More than one customer has asked me about “Development environment Virtualization”.
Basically this scenario consists in the ability of a developer to log on a “Terminal Server” or run a Virtualized environment and have access to everything he/her needs to work (VS, Office and so on).
I have seen a couple of different implementations and thought I would list them with their pros and cons:
- Remote Server running Windows Terminal Services
- Remote Microsoft Virtual Server
- Local Virtual Environment running on Microsoft Virtual PC
While all of these scenarios are supported some of them have distinct advantages -and disadvantages.
The advantage of a Remote Windows Terminal Services is offers central management and unfortunately it has the drawback of suffering from resource contention. Remember a server with 4 gig of RAM and 10 developers reduces them to less than 400mbs each…pretty frustrating if you are working from a workstation with 1 gigabyte of memory not being used….Very good scenario for lots of occasional/migrant developers
Microsoft Virtual Server offers all the advantages/liabilities of Windows Terminal Services with the added benefits of machine independence portability, instant backup/restore and the ability to have edge scenario installations (like a VB 5.0 development machine). Unfortunately it does one drawback that one feature of profiling does not work using *sampling. (It works with profiling using **instrumentation). Once again great scenario for occasional/migrant developers.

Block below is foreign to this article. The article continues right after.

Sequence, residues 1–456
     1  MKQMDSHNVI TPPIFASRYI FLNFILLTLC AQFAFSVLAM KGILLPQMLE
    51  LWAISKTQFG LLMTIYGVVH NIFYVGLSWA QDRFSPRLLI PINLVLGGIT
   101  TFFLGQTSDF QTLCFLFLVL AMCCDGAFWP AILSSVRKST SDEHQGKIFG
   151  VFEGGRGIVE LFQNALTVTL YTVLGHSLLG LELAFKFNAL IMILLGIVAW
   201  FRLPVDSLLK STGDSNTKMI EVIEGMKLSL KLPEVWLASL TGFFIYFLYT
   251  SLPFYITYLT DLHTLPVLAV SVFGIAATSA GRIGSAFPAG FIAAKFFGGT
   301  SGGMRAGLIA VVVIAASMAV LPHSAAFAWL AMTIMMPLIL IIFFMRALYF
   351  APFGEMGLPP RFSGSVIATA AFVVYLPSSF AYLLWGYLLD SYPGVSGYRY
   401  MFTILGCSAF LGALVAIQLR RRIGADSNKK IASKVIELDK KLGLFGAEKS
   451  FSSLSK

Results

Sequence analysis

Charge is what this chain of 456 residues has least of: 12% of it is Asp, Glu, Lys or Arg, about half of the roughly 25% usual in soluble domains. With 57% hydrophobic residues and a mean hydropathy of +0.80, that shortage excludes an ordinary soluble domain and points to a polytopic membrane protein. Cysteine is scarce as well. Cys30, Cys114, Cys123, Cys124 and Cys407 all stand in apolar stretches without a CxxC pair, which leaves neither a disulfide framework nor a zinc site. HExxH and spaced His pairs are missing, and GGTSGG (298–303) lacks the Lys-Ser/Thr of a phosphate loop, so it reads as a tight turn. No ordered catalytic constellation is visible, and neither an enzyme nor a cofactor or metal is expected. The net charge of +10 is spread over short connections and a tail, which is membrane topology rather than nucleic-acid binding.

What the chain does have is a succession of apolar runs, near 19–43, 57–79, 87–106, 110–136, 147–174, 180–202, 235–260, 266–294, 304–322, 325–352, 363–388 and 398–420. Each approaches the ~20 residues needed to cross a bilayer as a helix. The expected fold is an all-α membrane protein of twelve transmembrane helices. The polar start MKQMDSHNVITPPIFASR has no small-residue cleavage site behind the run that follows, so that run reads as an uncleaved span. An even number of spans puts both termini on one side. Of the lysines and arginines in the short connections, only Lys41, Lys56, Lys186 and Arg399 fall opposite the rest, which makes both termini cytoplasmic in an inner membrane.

While Microsoft Virtual PC eliminates the -resource contention you also lose the primary benefit of the other two-central administration.
The enviroment VSTS MVP Anthony Borton suggests to his clients is:
In this approach long term/full time developers run a Virtual Enviroment locally with Microsoft Virtual PC. For central administration, short term and fringe development scenarios a Virtual Server is employed. If updates are applied or a developer destroys their local copy all they need to do is bring down a new instance of the virtual hard drive from the virtual server.
*Sampling is a profiling method by which the process in question is periodically polled to determine the active function. The resulting data provides a count of how frequently the function in question was on top of the call stack when the process was sampled.
**Instrumentation is a profiling method by which specially built versions of the profiled binaries contain probe functions that collect timing information at the entry and exit to functions in an instrumented module. Because this method of profiling is more invasive than sampling, it incurs a greater amount of overhead. Instrumented binaries are also larger than debug or release binaries and are not intended for deployment.